Differently from the traditional Multi-Page-Application, where the entire page needs to be reloaded whenever the user interacts with it, a Single Page Application does not require page reloading during use, it requests the markup and data independently and renders pages straight in the browser leading to better performance and a pleasant user experience.
Phoenix LiveView is a framework for building single-page flows on the web. It’s an Elixir library that you will include as a dependency in your Phoenix app, allowing you to build interactive, real-time LiveView flows as part of that Phoenix application. Now that you know a little bit about LiveView and SPAs we can finally start talking about how they differ.
The mechanisms might vary, but most current approaches to building SPAs force us to think in terms of interactions that initiate tiny requests and responses that independently change a page in some way. The hardest part of the whole process is splitting our development across the client and server. That split has some very serious consequences:
• By splitting our application development across the client and server boundary, we enable a whole class of potential security breaches, as a mistake in any single interaction leaves our whole page vulnerable.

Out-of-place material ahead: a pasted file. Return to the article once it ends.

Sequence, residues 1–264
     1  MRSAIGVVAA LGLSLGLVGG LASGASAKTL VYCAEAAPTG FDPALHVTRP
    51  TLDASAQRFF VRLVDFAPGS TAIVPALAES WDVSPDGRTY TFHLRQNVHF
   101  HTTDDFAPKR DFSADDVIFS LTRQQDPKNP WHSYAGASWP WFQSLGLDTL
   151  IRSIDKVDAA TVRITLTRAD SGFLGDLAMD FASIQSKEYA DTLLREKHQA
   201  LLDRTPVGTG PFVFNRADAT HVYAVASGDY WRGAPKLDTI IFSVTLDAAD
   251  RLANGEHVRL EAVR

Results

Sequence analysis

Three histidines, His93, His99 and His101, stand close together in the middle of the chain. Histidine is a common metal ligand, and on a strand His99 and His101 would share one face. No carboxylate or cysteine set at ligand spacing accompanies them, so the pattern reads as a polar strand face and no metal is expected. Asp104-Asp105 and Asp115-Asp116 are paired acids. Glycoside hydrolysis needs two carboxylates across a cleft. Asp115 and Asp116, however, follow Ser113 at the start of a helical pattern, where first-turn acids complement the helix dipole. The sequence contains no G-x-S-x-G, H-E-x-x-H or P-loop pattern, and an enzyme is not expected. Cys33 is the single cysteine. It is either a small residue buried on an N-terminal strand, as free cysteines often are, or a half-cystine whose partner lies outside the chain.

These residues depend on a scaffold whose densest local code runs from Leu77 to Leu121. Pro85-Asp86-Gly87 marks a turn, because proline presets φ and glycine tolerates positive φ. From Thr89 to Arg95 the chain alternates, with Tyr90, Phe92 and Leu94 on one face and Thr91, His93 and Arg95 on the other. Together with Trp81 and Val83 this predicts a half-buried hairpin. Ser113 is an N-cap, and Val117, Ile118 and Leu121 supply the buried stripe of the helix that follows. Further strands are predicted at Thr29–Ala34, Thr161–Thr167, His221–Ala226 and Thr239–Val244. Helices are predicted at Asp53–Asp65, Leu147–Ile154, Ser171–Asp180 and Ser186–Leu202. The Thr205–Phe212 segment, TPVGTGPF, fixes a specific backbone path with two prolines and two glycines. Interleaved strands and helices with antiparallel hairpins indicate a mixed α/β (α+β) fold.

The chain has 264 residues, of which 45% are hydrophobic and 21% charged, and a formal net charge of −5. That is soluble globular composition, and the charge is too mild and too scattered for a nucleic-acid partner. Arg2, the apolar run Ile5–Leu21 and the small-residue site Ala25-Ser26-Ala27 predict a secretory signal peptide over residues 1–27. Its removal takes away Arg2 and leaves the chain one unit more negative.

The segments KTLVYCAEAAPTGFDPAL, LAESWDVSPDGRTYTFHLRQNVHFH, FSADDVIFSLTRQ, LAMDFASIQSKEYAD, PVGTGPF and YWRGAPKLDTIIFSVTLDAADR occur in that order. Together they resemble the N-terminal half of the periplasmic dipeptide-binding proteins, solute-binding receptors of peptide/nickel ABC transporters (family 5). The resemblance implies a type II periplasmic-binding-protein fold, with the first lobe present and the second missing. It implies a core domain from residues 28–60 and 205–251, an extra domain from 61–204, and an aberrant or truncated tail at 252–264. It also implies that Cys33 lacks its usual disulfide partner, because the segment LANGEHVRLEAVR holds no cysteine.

• By splitting our teams across the client and server, we surrender to a slower and more complex development cycle.
• By splitting our design across the client and server, we commit to slower and more complex bug remediation cycles. By introducing a custom boundary between our browser and server, we dramatically complicate testing.
On the other hand, LiveView lets programmers rely on its infrastructure to handle all the state on the server-side, rather than forcing them to write their own custom code between the browser and server. As a result, it's no surprise that with LiveView you can create stunningly interactive and fast apps. (If you are curious to know more about how LiveView handles state, you should check my "State in LiveView" post, just click here!
Compared to the traditional SPA, these flows will have some characteristics that seem almost magical to many developers:
• The apps we build will be stunningly interactive.
• The apps we write will be shockingly resistant to failure.
• The programming model is simple but composes well to handle complexity.
• The programming model keeps our brain in one place, firmly on the server.
All of this means that SPAs built with LiveView will be able to easily meet the interactive demands of their users. Such SPAs will be pleasurable to write and easy to maintain, spurring development teams to new heights of productivity. Unlike many existing SPA frameworks, LiveView shields you from the details of distributed systems by providing some common infrastructure between the browser and the server. Your code, and your mind, will live in one place, on the server-side, and the infrastructure will manage the details. To conclude, LiveView meets all of the interactivity and real-time needs of your average single-page app, while being easy to build and maintain leading to a big change in the way we develop and think about our web apps.